If you have questions about Good Manufacturing Processes (GMP) Pharmaceutical Manufacturing, please contact us
But this strategy most often back-fires. To ensure that everything meets with FDA approval, we must test and validate each substance and process to make sure they work. Without solid, analytical methods, you can’t determine if what you have is good or bad – but sometimes people try to cut back on analytics. The Costs of GMP: Cutting the Wrong Corners, Mistakes & Sloppy Master Batch Records Page 2 of 3
Jumping right to production before validating the processes opens us to having to fix something that should have been addressed earlier – when it would have been easier, faster and less costly.
For example, a client once came to us with a substance that had been developed in another lab. Because they had a tight budget, they asked us to just put it into GMP production with very minimal assessment. However, we found that as the substance scaled up, it picked up an impurity. When it turned out that their material didn’t meet regulatory standards, our Quality Assurance (QA) team would not release the material — which is the right decision — and we had to go back and do additional work just to get the material ready to be released. That took an additional six weeks, and resulted in a lower yield – at a cost of more than $200,000.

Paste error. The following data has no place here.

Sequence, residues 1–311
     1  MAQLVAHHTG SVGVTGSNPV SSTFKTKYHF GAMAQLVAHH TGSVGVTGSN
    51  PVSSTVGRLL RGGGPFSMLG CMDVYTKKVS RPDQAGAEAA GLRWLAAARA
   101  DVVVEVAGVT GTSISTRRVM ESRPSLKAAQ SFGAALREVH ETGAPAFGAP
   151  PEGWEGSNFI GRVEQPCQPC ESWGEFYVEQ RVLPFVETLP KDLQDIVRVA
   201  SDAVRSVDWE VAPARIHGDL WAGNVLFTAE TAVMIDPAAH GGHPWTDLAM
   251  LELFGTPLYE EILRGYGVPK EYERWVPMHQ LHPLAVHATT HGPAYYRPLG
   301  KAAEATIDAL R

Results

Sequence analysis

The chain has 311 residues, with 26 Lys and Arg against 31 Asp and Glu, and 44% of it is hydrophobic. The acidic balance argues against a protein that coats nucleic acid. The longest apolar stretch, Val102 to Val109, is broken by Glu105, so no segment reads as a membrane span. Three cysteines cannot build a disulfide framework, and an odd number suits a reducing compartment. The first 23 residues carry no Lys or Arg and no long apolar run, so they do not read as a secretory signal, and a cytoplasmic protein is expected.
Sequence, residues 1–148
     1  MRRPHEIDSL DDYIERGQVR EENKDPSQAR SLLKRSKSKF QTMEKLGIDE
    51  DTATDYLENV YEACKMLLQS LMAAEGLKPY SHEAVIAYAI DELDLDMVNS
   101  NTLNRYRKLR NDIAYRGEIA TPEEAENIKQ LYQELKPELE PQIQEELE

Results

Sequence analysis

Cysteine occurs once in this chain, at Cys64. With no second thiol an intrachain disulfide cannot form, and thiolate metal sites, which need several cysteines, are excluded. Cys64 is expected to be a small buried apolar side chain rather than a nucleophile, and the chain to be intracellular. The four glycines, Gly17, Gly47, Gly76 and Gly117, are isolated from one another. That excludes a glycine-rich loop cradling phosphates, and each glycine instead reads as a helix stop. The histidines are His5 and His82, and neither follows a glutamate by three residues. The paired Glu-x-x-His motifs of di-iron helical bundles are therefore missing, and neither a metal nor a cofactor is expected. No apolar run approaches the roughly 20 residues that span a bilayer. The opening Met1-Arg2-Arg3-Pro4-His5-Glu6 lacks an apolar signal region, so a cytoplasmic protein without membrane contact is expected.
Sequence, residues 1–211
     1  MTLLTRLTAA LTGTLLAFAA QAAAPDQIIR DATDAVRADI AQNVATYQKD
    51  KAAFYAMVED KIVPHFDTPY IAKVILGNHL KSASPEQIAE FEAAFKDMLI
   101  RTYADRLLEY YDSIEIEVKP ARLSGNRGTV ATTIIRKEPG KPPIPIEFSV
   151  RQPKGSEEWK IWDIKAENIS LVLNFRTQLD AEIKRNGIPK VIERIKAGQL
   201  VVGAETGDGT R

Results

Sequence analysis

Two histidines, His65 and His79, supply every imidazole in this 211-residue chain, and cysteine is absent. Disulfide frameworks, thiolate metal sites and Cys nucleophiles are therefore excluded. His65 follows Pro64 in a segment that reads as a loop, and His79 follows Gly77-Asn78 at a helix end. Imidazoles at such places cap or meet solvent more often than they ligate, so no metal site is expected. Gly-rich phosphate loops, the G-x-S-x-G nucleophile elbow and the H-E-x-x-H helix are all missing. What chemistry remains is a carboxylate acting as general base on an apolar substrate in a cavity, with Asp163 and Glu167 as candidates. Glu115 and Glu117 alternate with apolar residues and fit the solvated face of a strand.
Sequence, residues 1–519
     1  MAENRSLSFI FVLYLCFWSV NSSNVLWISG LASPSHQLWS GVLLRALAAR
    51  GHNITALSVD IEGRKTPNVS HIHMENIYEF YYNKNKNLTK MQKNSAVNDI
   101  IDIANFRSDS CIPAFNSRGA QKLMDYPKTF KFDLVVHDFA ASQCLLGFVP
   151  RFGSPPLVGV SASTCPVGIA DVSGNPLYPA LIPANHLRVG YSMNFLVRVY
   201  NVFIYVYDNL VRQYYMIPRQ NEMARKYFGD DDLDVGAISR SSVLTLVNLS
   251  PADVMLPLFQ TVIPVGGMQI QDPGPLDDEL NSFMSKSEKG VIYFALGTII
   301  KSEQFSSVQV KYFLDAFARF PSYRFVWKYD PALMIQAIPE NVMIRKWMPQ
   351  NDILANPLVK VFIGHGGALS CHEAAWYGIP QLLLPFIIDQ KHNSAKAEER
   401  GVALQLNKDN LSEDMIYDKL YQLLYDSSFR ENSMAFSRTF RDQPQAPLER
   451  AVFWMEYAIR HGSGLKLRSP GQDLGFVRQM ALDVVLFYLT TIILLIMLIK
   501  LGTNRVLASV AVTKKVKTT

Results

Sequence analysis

What they don’t often appreciate is that GMP manufacturing is like a rocket ship. Each unnecessary week spent to address issues that prevent QA from signing off and releasing substances can quickly add up. And the delays often have a cascading effect on other aspects of development. And contrary to what might be expected, we don’t like it when we have to bill the sponsor more. We would much rather use the time allotted efficiently, and move on to the next project. So we now have a rule: Nothing goes into GMP until we test it for all specifications. It’s cheaper in the long run.
Before transferring your substance into GMP manufacturing, understand your specifications
The main different between small-scale and large-scale GMP manufacturing is the equipment used. Small-scale manufacturing uses new glassware, which is cheaper to replace than to clean; while large- scale uses fixed equipment that can hold up to 2,000 gallons, which is cheaper to clean than to replace, even when factoring in time to test that the fixed equipment is demonstrably clean.